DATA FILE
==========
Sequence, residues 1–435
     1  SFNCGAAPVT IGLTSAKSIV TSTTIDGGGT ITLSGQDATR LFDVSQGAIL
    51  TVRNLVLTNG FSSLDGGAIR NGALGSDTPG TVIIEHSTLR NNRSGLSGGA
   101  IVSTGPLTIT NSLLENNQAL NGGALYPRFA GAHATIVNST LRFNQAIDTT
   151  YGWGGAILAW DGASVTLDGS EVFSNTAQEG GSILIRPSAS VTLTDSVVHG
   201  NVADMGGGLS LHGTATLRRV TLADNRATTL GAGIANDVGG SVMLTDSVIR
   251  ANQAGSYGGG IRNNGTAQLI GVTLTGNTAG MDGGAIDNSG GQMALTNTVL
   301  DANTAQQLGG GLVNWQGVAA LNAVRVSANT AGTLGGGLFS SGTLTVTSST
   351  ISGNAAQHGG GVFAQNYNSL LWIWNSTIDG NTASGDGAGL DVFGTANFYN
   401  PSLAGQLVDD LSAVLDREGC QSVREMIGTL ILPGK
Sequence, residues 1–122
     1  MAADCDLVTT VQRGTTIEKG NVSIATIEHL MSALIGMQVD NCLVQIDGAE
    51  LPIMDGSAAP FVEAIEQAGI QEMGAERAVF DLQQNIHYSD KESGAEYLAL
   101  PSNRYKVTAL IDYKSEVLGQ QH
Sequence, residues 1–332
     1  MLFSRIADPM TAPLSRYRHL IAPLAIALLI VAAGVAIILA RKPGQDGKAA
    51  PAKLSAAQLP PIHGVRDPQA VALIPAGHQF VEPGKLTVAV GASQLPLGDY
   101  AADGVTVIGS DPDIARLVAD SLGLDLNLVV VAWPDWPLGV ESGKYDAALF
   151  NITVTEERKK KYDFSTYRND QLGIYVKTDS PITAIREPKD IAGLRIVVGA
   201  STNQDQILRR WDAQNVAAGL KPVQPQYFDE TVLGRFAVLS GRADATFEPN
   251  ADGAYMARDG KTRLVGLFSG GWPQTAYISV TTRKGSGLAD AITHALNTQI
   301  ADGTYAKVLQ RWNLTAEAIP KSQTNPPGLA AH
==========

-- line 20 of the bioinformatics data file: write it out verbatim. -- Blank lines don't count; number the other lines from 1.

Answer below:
   201  STNQDQILRR WDAQNVAAGL KPVQPQYFDE TVLGRFAVLS GRADATFEPN